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Thursday, February 2, 2017

Interview With The Expert On Author Rejection, Michael Alvear



The Bulletproof Writer:
How to Overcome Constant Rejection to Become an Unstoppable Author


1.      Mike, what compelled you to put together a list of rejected books that went on to fame and glory? I wanted to support a main theme in my new book--The Bulletproof Writer: How To Overcome Constant Rejection To Become An Unstoppable Author--that rejection is not necessarily an indictment of your work. There is no better way  to demonstrate that to show you classic best sellers who got rejected.

2.      Were there any titles that you were really surprised to see John your list?  All of them! In publishing, successes are public and failures are private. This sets up a perception bias among writers that they are the only ones being rejected when the truth is everyone around us is getting told “NO.”

3.     What were the biggest books to receive rejections? Depends on what you mean by biggest. Do you mean number of books sold like JK Rowling? Do you mean literary lions like Ernest Hemingway?  Classics like Catcher in the Rye? One of the things I love about the list I compiled is that shock is no longer possible.

4.     How long did it take to assemble? How did you go about researching this? I hired a librarian to do a lot of the footwork and then I decided to put the funny in it  by awarding the rejections with lines like, Most Likely To Make You Lactate With Rage.

5.     Why do you think so many critically-acclaimed, best-selling and noteworthy books were initially rejected by so many publishers? The typical reasons that all of us experience rejections --everything from publisher reticence (“We’ve published too many books like it,” editorial preference (“I don’t like this type of writing”) to market conditions (“We don’t know how to market this book because it’s cross-genre”).   Or it could have been that the editor was hungover or had indigestion when they picked up the manuscript.   Rejections and acceptances are so subjective that even the smallest things have a dramatic effect. For example,  the editor might simply not like your agent and dismiss anything he has to offer. I forgot to mention that we just published a sister page of famous rejections—The Biggest Collection Of Famous Rejection Letters, in which you can read the actual letters of rejection written to famous authors like Alice Walker.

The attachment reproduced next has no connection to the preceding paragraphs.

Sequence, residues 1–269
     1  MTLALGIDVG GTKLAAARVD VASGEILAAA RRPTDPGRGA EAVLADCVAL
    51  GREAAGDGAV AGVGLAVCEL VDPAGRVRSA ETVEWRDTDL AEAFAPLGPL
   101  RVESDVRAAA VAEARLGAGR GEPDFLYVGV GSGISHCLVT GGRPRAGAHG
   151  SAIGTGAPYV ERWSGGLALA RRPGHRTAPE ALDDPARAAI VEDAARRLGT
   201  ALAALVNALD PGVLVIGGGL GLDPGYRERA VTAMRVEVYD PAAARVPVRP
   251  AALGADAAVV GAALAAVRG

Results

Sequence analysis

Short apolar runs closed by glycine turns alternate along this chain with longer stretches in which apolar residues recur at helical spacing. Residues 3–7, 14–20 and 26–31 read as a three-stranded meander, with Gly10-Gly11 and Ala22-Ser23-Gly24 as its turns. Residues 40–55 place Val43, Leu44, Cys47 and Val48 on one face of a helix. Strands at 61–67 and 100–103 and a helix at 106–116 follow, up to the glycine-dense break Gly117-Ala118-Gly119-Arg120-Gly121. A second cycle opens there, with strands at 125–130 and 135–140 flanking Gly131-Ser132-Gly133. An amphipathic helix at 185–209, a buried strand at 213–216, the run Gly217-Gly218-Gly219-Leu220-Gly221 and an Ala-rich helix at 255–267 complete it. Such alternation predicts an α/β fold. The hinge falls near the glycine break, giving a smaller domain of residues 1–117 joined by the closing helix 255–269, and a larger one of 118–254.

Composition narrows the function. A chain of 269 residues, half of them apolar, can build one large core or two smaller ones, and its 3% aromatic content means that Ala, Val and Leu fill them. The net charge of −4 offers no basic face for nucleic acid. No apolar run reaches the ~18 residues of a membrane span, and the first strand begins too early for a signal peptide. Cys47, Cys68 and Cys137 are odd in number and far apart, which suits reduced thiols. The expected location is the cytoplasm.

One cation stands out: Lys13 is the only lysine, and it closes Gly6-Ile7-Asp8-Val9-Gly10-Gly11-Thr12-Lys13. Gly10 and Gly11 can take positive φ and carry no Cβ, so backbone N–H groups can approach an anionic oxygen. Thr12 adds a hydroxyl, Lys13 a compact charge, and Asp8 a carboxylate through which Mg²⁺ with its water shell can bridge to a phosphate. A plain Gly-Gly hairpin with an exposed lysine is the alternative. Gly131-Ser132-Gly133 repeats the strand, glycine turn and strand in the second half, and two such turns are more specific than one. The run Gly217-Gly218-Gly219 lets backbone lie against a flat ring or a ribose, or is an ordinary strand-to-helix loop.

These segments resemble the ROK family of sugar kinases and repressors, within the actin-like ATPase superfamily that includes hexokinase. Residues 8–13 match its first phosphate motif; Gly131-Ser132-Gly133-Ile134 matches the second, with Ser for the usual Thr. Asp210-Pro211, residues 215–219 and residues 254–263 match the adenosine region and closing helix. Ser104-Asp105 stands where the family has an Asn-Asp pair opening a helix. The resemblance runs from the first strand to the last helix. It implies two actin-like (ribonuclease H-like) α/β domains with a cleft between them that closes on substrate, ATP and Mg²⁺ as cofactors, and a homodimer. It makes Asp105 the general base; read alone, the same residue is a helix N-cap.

6.     Does your list simply show that acquisition editors, like book critics, can make huge mistakes in judgment? YES.  Every book on my list is a testament to  bad judgment. The scary thing is to contemplate how many UNPUBLISHED manuscripts  don't see the light of day because of that bad judgment.

7.     Is your list a call to authors to self-publish or simply to not give up in the face of rejection? Yes and yes.  Self-publishing Comes with its own curses so I don’t automatically recommend it as an option.  

8.     Were you rejected as a writer? Rejection doesn’t just come in the form of manuscripts turned down. They come in the form of insulting advances, sparse book signing attendances, bad reviews, poor sales, the list goes on. I’m a full-time writer--I make a living at it-- So I have a right to say this:  The writer’s life is a constant stream of slights punctuated by blockbuster rejections.  I don't mean that to sound cynical or pessimistic because I love what I do but this is a brutal business that doesn't respond well to logic or common sense. f you don't have a coping strategy for that reality you will not make it as a writer.